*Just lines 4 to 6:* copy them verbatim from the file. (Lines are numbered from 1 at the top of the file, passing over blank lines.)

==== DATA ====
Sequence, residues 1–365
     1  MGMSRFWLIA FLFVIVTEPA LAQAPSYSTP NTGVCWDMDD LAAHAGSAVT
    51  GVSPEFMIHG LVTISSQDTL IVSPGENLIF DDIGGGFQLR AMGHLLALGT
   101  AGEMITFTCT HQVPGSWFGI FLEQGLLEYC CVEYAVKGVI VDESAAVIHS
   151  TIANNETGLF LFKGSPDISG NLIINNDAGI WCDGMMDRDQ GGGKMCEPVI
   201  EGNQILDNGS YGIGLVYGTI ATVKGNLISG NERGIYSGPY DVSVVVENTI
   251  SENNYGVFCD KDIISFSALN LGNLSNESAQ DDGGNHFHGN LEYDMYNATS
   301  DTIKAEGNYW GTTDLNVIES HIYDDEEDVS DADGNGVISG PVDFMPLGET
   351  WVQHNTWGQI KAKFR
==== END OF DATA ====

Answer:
   101  AGEMITFTCT HQVPGSWFGI FLEQGLLEYC CVEYAVKGVI VDESAAVIHS
   151  TIANNETGLF LFKGSPDISG NLIINNDAGI WCDGMMDRDQ GGGKMCEPVI
   201  EGNQILDNGS YGIGLVYGTI ATVKGNLISG NERGIYSGPY DVSVVVENTI